8. Pokémon gained widespread traction over an extended period of time, and leveraged an existing platform. The point I was making is if, by analogy, Nintendo introduced the Game Boy and Pokémon at the same time, and the world at large had never heard of either (or Nintendo) before, they'd have a larger uphill challenge ahead of them. But the process was incremental. Tetris was popular. Game Boy was positioned (in part) as a way to play Tetris easily, on the go (launch title). Then Pokémon leveraged the established Game Boy user base. They weren't trying to invent the platform and the content at the same time. The brands we've heard about for Amico so far aren't familiar to children, so basically equivalent to new IP. That's really easy to answer: what it lacked was access to the content all his friends were into. "It was designed for the impoverished" is, I think, mischaracterising the platform. You could say it was designed to be affordable/accessible to the impoverished. But it was designed for kids; their financial status has no bearing on what they could do with it. To that end, he was the target market. (Jobs offered OS X sans licensing fees and they turned it down. It could've been basically an uber-affordable Mac+. What, functionally, about the machine limited it to targeting "the impoverished"?)
  9. Not to dis my grandmother's tech acumen above BTW. I made the same mistake of second guessing what my oldest would want when he was 7... He wanted a computer of his own. I bought him a 1st gen OLPC. (There was a buy one/donate one programme I participated in.) I thought they were the future for kids and computers. Cute fluffy UI but rugged hardware and Linux underneath for when he might be able to get serious one day. Barely got any use at all. Bought him an entry level Windows machine (all-in-one Compaq desktop) instead within a little over a year. To the OLPC's credit I'm sure the R&D that went into it is why netbooks came into being and I still prefer netbooks as my travel PC, so there were some solid ideas there. For those that don't know about the OLPC, it's an interesting story: https://www.theverge.com/2018/4/16/17233946/olpcs-100-laptop-education-where-is-it-now
  10. First, I hope it succeeds. I would get no thrill in seeing it fail, so whatever comments I make are largely from a place of "what are the hurdles, what can improve its chances?" not "it's going to fail because..." I actually think a lot (not all) of the so-called negativity might be coming from a similar place. There's a difference between critique and negativity. With that in mind, I was talking to my kids about Amico. My youngest is 16 so maybe older than the "parental control" demo, but young enough to remember what motivated them when they were 10 and 7. The first comment I got was that kids want what their friends have, no matter the age. And their friends/classmates (perhaps by way of older siblings) are going to be more familiar with the pre-existing brands. So it's a bit of a chicken and egg. Not a reason to fail, but a hurdle to overcome. They suggested that having a high profile IP for their demographic (not their words) would be key. At the time they were 10 and 7, that might've been Club Penguin. Trying to get market penetration with a new hardware simultaneous with a new (to their age set) software is a more steeply uphill battle. I remember when I was a teen and my grandmother tried to buy me an Atari 2600 game once. The game she got was way off the mark from what actually interested me. Never heard of it, didn't understand it, played it for 10 minutes and never again. There's been a lot of talk about how it's going to appeal to parents. We've heard how Amico will make parental controls a non-issue, how it will have more to offer in co-op for parents that do want to play with their kids, but e.g. when those Switch comparisons come up, I think it would benefit to think like the kid too, not just the parent. From a kids' perspective it has the potential to be more like (but not to the extreme of) saying "I want an Atari 2600 game for Christmas" and unwrapping Fun With Numbers. (Or getting a Windows Phone when you wanted an iPhone like everyone else in your class, to pick a less extreme example.) i.e. kid gets parent's idea of what they want the kid to play rather than what they actually want to play. So once they get an Amico, they need to be pleasantly surprised. If by chance Kid A gets Amico, you want to be sure they tell Kid B "go for it" when Kid B says their parent is wondering if they should get one. There needs to be selling points for word of mouth to work amongst the kids too, not just the parents. Again not saying they haven't thought of this. Just that it's a missing part of the picture that hasn't been highlighted so much in these discussions. And I'm not saying Tommy owes us answers either. The eventual marketing campaign will presumably reveal all. But in the meantime I wonder aloud about it in a group where we're invited to discuss such things.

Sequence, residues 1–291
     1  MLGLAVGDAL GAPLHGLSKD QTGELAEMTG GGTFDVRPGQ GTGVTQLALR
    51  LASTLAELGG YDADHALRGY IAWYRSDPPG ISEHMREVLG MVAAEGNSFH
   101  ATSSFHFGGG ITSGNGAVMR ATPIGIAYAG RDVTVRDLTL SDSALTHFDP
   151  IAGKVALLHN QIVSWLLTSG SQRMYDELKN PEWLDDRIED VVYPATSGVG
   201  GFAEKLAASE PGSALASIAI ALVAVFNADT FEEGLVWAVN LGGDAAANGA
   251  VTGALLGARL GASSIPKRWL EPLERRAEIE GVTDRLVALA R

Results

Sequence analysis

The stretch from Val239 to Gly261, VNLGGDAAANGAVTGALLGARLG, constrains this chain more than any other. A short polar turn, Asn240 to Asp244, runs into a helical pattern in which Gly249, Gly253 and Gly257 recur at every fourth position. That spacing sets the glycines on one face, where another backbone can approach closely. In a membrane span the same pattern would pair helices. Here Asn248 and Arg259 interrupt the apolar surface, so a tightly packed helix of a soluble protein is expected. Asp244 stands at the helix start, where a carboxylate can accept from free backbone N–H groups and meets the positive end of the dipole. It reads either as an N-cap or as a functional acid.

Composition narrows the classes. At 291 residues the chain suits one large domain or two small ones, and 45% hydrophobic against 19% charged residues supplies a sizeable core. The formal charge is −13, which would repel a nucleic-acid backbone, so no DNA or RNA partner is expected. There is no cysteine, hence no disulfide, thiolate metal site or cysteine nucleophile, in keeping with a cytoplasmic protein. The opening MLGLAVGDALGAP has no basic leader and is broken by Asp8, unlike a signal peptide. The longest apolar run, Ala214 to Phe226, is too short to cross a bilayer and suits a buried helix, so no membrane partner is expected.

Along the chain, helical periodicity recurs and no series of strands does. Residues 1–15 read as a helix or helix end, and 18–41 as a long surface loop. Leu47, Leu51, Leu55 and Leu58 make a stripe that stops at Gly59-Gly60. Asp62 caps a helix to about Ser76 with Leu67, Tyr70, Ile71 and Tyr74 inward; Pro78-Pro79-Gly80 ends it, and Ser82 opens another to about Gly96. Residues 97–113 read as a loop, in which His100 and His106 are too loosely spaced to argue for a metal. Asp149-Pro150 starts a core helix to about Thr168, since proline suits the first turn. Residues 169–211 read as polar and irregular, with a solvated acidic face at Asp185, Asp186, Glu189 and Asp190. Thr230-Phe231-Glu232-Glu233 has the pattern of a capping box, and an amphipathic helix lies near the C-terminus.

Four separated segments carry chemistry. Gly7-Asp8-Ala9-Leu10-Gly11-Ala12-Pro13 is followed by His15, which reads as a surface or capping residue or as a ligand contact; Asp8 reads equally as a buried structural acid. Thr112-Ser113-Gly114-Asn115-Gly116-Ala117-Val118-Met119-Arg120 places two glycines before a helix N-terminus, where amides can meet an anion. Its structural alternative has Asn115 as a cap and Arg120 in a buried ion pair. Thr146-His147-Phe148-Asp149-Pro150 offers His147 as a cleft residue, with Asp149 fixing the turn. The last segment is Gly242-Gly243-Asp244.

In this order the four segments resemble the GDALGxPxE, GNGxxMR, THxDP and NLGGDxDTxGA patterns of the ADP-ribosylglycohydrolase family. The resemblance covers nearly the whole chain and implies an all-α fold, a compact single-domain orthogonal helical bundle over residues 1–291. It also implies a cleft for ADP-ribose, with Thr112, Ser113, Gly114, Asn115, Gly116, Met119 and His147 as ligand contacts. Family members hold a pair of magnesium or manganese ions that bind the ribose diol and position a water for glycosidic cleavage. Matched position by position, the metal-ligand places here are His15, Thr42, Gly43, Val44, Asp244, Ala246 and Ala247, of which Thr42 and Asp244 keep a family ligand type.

11. The prevalence of these persistent comments is not something to be ignored. If one has to diligently read most every post on a message board thread to "get it" then the marketing won't have done its job. Now, there's been no major mainstream marketing yet, so that's not a knock on an effort that hasn't even started yet. But what these comments suggest is there is a frequent preconception that the marketing, once it starts in force, is going to have overcome, and in people that won't have the benefit of a 1-on-1 exchange with the CEO to clear up.
  12. Can I just say that my wife, currently in the middle of replaying Witcher 3, was quite offended to learn that "moms" was being used as the placeholder term for the archetype of tech/game-illiterate parent?
  13. I still feel the parental control concern is a red herring. Parental controls restrict mature content once it's found its way on the machine. A credit card restricts it from getting onto the machine. The only people who'd need to worry about parental controls are mature gamers who share the machine, not game-illiterate parents buying a machine solely to entertain the kids.